Most articles you’ll find about Carl Nichols these days wrangle with definitions of the blues. Musicians and songwriters of this genre provided a framework that gave rise to most of modern popular music, yet any time a young artist wants to bring the blues into the cultural spotlight, people want to talk about authenticity, as if the style isn’t allowed to change. In today’s independent music landscape, however, the divisions between genres are breaking down organically; nobody’s yelling about the purity of indie rock when an artist adds electronic beats to their sound, and the blurred lines between sub-genres only add to the richness of the music and expand possibilities for modern songwriters.

Fans from Nichols’ hometown of Milwaukee, however, already know him as a musical polymath. From his folk/Americana duo Nickel & Rose and going back further to his days as one of the city’s premier guitar shredders, his skills have always been versatile enough to fit any musical whim. At Saturday night’s homecoming show at the Vivarium, under his solo moniker Buffalo Nichols, he brought all of this background to bear on old and new songs that are still evolving every night, impossible to tie down.

Opening the show was local post-emo group Social Caterpillar, who recently announced their impending breakup. According to the group’s Instagram, they’ll be recording a three-song EP this spring and putting together one more show, and that will be it. While the members will surely continue on in other projects, it’s a definite blow to the local scene; Alphabet Crown was one of the most powerful albums of 2023, and Social Caterpillar played most of the songs from it on Saturday. Emotions clearly ran high for the band, particularly during show-stoppers like “Guillotine For Hope” and “Smells Like Middle-Aged Apathy” late in the set.

It was a tremendous performance, but it also raised some issues related to the spanking-new venue. For one thing, the Vivarium stage is a bit low; members Eric Ash and Eli Smith were seated for most of the performance and could barely be seen. This may or may not have been a factor contributing to the overall chattiness of the crowd, which threatened to drown out the band at times. The sound system itself was at least partially to blame; it was plenty loud, but the guitars sounded thin and sometimes crackled in and out, and the violin was often hard to discern in the mix. There’ve only been a handful of shows here, and early reports seemed more positive regarding the sound, so maybe it was just an off night.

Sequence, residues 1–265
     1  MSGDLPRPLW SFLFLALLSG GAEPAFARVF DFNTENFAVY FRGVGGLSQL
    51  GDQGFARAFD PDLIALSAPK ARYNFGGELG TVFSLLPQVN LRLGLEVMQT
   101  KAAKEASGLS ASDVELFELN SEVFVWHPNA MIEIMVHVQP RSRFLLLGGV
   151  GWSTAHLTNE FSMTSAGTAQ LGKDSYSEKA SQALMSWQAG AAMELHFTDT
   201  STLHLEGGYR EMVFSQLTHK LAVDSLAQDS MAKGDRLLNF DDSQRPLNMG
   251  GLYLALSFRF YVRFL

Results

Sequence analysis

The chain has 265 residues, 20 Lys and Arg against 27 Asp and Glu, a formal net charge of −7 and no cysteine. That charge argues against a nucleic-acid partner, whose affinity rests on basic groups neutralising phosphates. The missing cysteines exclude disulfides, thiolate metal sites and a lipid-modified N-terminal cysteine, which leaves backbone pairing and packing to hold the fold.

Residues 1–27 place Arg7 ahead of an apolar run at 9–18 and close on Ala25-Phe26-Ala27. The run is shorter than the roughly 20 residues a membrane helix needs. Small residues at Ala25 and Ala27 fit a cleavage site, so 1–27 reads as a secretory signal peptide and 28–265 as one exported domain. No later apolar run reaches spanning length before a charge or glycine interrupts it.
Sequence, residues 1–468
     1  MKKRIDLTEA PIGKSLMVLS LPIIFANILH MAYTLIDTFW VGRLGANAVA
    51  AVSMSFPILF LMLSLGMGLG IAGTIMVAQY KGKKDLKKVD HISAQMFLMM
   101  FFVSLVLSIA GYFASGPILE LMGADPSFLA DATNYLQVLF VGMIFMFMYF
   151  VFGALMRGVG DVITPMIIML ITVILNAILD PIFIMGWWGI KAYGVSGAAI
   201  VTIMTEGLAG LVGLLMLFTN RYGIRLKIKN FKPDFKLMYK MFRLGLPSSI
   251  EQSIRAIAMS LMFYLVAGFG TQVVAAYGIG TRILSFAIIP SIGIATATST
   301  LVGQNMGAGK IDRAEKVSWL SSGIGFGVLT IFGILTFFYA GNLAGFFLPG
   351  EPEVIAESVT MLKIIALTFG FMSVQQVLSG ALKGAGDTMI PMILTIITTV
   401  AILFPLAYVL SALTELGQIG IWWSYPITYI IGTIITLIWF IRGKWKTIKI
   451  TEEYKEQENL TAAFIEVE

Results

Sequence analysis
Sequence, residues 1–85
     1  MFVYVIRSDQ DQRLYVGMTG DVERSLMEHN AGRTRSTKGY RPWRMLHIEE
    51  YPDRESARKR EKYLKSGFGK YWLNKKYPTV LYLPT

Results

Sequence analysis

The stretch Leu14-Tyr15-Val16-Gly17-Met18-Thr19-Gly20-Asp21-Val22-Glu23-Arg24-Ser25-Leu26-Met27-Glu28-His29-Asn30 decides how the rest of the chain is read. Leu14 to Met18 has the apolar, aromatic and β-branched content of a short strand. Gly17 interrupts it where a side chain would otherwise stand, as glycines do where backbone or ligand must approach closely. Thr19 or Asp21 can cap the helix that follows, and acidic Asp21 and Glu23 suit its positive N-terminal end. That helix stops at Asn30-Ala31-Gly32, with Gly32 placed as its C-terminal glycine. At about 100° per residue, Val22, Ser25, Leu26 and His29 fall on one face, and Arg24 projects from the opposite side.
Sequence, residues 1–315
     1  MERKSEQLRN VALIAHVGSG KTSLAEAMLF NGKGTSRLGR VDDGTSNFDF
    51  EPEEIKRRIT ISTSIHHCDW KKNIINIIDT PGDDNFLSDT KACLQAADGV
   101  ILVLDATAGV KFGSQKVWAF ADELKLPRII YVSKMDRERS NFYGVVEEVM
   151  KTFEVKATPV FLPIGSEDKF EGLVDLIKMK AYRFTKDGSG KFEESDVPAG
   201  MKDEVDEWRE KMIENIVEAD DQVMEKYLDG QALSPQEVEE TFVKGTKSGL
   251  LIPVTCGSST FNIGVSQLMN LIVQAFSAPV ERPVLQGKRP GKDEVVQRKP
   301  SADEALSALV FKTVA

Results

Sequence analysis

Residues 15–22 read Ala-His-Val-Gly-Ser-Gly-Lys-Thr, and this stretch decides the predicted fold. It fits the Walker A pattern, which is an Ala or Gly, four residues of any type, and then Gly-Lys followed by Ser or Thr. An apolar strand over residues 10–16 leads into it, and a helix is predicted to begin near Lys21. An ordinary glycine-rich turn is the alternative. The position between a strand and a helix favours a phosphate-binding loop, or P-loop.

The sound improved for Buffalo Nichols’ set, but it wasn’t by any means pristine. Opening the show solo with “Lost & Lonesome” off his 2021 self-titled debut, Nichols’ deep, weathered vocals and acoustic slide guitar cut through the chatter, which barely let up at all throughout his performance. He then welcomed Tori Yocum on bass and Spencer Tate on violin for “Turn Another Stone,” taking the crowd on a journey through various different shades of American roots music for the next few songs. Drummer Shaylee Walsh came onstage next for “Life Goes On,” a pre-pandemic song that Nichols has performed a number of different ways over the years. For longtime fans it may have brought to mind how much more distinctive a singer he’s become since he first recorded the song, which Saturday night was perhaps deceptively upbeat and chipper in its full-band arrangement, belying the conflicting emotions at its roots.

That’s the thing about the blues; it’s not supposed to be happy music. But Nichols’ lyrical style often twists the sadness or bitterness into a broader sense of empathy. His songs might start out personally but they tend to expand outward as they go along, so it only makes sense for the music to incorporate a multitude of styles. As on their studio versions, he added digital beats to the mix for “The Long Journey Home” and “The Fatalist Blues,” having transitioned gradually to a fully electrified sound by this point. “Living Hell” began with a massive atmospheric swell, evoking the spiritual pain of the song prior to any words, and for fans who pine for Nichols’ electric guitar wizardry, he took to the fretboard in earnest for a blazing introductory passage leading into “Sick Bed Blues.” This was the climax of the set, yet still the somewhat muddled sonics of the room probably left a lot of fans wanting more—those who weren’t jabbering away throughout it all, that is.

“I need you to do two things for me,” Nichols said following “The Difference,” now once again alone on the stage. “Be nice to each other, and shut the fuck up while I’m singing.” He then closed the show with one of his most heartbreaking tunes, “How To Love,” and, well, most of the crowd finally complied with the latter request. It was the end of a dynamic hour-plus journey; Nichols and his bandmates had done their part, but the venue and audience left a lot to be desired.

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